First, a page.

Xanthe dives into a forest of courgette leaves with a rustle and a downpour of water droplets that have gathered in wells from the morning’s rain. She slips her hand into her pocket, draws out a knife, grabs hold of a plump fruit with one hand and releases it from the plant with the other and smiles exuberantly.
Here, in the garden, is where Xanthe feels most content, most happy, most excited. Most herself. With every fruit and vegetable she harvests comes pride and gratitude. And this underpins her spirited approach to both life and the garden.
But she hasn’t always been so sure of her direction in life. After growing up in the wilds of Scotland, relishing in the freedoms of being outdoors and immersed in nature, she followed her peers to London, where she landed a marketing job in the food and drinks industry. Food had been an interest of hers for some time, and while at university, she delved into books, watched tonnes of documentaries and became highly interested and passionate in food sustainability and growing. But she just never had the confidence to make a career of it. She’d never even grown her own food before.
Xanthe didn’t take to city life. In fact, it made her miserable. One teary evening on the phone with her parents, she was confronted with the question, “Why are you doing this? You are so unhappy!” That was Saturday, and by Monday, she had quit her job and moved to Wales intent on becoming a grower. For the first time, she plunged her hands into the soil and pocketed tiny seeds into the earth. She was doing it. She was a grower now. And she was all in.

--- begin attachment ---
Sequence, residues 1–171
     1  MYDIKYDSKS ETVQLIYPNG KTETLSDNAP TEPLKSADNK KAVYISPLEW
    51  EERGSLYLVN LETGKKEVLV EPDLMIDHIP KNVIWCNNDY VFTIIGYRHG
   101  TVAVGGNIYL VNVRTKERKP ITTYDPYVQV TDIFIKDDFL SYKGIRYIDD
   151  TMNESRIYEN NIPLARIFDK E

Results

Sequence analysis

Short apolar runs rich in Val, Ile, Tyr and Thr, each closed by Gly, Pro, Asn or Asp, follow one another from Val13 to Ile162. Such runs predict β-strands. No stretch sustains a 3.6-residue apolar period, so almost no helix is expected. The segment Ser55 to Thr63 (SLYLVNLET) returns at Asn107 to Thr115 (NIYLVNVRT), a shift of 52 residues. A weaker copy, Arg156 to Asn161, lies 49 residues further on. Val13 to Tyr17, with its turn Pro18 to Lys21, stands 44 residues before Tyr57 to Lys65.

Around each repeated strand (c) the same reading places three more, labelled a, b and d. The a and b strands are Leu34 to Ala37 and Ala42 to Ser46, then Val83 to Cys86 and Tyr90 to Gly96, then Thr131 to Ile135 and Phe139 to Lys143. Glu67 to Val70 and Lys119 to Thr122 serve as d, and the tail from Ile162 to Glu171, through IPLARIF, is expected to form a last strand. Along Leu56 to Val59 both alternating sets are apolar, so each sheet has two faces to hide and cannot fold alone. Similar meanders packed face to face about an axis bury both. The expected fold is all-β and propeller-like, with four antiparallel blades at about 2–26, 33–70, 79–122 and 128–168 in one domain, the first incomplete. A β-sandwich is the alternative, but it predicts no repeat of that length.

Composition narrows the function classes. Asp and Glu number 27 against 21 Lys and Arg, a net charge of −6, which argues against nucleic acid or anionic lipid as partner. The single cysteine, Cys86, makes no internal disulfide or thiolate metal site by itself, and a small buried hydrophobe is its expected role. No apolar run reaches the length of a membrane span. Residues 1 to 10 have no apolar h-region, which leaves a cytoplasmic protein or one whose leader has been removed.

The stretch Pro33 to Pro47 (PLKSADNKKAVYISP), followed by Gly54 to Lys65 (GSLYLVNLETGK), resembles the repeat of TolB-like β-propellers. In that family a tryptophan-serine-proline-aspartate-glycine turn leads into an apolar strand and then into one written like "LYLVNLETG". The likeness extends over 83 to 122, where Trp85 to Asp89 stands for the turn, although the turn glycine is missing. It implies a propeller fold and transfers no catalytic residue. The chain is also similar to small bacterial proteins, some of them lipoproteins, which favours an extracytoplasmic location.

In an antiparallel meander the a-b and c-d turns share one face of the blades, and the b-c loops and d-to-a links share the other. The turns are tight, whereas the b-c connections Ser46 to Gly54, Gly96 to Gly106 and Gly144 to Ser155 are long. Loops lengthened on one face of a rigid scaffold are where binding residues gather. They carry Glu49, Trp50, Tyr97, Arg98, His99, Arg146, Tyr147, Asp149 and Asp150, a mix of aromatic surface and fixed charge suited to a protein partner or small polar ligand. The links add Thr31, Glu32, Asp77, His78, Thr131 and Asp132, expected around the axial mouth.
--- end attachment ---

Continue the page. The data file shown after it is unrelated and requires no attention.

Following three months in the garden, she attended the world-renowned Ballymaloe Cookery School, sited on an organic farm in Ireland, to complete a Food Sustainability course. It was everything she was interested in. More than that, after struggling academically and in an office job, she had found what she thrived at.
Today, Xanthe tends the beautiful walled garden on the Hawarden Estate in North Wales as an organic grower, runs baking and growing workshops, hosts supper clubs, offers private catering and is the Director of Food and Food Sustainability at Hawarden, Glen Dye and The Good Life Experience.
“It still feels surreal to be eating food I have grown myself. The best moments are when I have a meal that comes entirely from the garden, with bread I’ve made myself and eggs from my hens. I don’t think that will ever get old.”
Could you tell us about your relationship with nature?
As a chef, organic grower and baker, my relationship with nature is really at the centre of everything I do. I am hugely passionate about bringing awareness to society’s relationships with food, and I see cooking delicious food as the perfect way to bring light to how connected we can be with the plants we grow, sourcing our food and nature on the whole.